Thinking beyond averages
Looking at average enrollment under different scenarios is helpful for getting a rough idea of the consequences of alternative policies, but it does not tell us what we really want to know. If average enrollment is above our minimum of 3, but 40% of classes have 2, 1, or even 0 students, that’s bad. What we really want to know is the proportion of classes that would have enrollment below our minimum of 3 students per class.
To quantify that, we can take many of the same steps as in the calculation of average enrollment per class. Specifically, I have boiled this down to the following question.
If there are X students taking Y classes each in a given semester and there are Z classes being offered, what proportion of classes will have fewer than 3 students?
For a given set of parameters, this can be simulated by allowing each of X students to randomly select Y classes from the set of Z classes being offered by sampling classes without replacement and then counting up what proportion of the Z classes end up with fewer than 3 students. X, Y, and Z all depend on parameters of the model, which leads to differences in the proportion of classes with fewer than 3 students as a function of differences in the model’s parameters.
One additional assumption that needs to be specified is whether some classes are more popular than others. Although it would be possible to estimate heterogeneity in class popularity based on past enrollment data, I have not taken the time to do that. Instead, I assigned each class a relative popularity such that the top 10% of classes attract twice as many students as the bottom 10% of classes, on average.
Variability in the proportion of classes with fewer than 3 students. This variability is due to variability in several factors that affect enrollment. Distributions are shown under current (red) and proposed (blue) coursework requirements.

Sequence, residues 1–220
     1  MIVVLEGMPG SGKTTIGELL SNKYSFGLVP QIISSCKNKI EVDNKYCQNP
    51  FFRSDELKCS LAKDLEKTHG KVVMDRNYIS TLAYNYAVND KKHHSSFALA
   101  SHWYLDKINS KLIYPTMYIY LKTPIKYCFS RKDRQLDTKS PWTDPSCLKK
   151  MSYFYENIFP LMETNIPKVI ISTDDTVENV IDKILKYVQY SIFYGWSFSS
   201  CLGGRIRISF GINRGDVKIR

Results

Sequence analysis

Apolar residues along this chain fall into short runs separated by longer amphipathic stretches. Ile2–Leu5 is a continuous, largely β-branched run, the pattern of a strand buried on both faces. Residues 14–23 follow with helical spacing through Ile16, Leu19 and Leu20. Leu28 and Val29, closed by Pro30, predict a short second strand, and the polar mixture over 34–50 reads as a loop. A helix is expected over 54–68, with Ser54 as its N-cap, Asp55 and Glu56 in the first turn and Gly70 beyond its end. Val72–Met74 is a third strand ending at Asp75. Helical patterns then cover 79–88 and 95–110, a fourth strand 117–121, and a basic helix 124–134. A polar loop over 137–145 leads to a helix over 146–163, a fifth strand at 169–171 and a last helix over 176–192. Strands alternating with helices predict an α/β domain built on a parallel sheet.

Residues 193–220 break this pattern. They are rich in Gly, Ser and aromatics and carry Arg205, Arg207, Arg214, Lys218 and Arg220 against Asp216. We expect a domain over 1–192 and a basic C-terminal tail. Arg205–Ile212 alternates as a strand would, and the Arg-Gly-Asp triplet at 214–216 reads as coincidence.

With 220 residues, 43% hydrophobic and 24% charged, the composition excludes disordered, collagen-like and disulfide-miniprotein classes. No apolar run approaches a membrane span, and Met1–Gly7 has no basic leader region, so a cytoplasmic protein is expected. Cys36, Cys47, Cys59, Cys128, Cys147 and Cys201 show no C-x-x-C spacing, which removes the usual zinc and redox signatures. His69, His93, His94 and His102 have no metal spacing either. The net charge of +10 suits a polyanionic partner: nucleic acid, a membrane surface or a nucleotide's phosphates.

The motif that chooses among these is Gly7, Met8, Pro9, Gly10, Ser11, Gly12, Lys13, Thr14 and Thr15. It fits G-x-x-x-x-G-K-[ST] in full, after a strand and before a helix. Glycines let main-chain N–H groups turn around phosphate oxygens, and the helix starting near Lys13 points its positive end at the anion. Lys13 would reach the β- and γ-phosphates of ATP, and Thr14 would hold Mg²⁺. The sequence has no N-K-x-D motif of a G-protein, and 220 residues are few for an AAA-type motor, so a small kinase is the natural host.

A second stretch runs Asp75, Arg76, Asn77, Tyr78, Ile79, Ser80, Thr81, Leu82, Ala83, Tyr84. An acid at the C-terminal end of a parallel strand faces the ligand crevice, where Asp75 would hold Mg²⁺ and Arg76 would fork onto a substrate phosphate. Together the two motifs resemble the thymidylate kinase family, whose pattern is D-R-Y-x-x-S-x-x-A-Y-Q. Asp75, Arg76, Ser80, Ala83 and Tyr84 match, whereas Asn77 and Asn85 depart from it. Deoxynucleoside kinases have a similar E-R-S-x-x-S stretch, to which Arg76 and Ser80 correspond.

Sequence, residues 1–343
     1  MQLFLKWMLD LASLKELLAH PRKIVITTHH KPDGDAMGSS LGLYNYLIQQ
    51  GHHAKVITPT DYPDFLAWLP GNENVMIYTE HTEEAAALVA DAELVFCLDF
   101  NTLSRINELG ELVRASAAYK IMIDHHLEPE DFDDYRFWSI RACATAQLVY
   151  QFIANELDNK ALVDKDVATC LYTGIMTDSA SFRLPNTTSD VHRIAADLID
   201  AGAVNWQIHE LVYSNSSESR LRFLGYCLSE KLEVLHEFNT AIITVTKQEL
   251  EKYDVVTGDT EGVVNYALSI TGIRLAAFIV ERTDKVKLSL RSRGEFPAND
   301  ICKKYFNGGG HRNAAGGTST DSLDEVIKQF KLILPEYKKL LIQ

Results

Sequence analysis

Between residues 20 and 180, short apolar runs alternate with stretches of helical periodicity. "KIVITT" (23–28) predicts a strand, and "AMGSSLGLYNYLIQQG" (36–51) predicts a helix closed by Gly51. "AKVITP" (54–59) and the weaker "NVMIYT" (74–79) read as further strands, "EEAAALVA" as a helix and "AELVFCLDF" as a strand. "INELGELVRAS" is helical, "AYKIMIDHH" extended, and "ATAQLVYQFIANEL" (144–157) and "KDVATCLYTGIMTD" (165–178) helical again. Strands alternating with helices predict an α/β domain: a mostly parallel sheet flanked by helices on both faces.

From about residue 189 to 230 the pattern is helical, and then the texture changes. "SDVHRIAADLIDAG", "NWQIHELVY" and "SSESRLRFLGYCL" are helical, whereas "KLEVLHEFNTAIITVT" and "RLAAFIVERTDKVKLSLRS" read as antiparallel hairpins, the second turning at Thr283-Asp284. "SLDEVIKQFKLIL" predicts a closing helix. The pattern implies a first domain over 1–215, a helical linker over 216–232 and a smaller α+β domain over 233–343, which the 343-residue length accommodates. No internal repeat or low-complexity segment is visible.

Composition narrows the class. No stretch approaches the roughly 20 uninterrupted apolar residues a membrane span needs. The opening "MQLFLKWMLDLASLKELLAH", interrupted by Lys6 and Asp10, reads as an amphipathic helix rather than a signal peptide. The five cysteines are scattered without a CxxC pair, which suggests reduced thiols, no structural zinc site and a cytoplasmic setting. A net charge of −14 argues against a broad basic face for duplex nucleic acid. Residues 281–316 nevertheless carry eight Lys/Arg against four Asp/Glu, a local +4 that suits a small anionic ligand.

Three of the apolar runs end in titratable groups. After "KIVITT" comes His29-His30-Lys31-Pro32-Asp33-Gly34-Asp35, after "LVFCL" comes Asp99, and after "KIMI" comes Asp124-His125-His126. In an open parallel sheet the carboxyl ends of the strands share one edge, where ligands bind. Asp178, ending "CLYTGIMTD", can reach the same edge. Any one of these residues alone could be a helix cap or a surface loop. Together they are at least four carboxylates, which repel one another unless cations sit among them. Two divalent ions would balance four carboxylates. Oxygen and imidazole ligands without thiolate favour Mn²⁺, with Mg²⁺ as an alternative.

Based on our current requirements, the model predicts that 5% (95% uncertainty: 0 - 17%) of classes that we currently offer end up with fewer than 3 students per class. Although we have not looked at data on how often classes that are currently offered end up with fewer than 3 students, it is possible that a small proportion do. Professors may either offer those classes anyway or not end up teaching them.
Regardless of whether this baseline prediction is correct, we can still use these calculations to get a sense of the relative impact of a change in coursework requirements on the proportion of classes with fewer than 3 students. Under the proposed change to 12 credit hours over 3 semesters, the model predicts that 20% (95% uncertainty: 5 - 43%) of classes that we offer would end up with fewer than 3 students per class. Whether this is correct in an absolute sense, this amounts to a prediction that changing our coursework requirements could lead to an approximately fourfold increase in the proportion of classes with fewer than 3 students.
Can we make the proposed changes work?
There are a few strategies that could be taken to mitigate the impact of the proposed coursework reduction on the proportion of classes with fewer than 3 students. How much of a difference would those mitigation strategies make?
Along with a reduction from 24 credits over 4 semesters to 12 credits over 3 semesters, consider the following mitigation strategies.